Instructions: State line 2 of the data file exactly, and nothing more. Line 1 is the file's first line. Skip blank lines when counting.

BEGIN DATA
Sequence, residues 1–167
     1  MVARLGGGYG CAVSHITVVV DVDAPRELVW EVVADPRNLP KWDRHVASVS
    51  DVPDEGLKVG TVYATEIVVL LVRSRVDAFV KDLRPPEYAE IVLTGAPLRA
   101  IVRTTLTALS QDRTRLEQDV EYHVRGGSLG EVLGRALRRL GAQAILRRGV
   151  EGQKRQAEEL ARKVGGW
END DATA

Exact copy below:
     1  MVARLGGGYG CAVSHITVVV DVDAPRELVW EVVADPRNLP KWDRHVASVS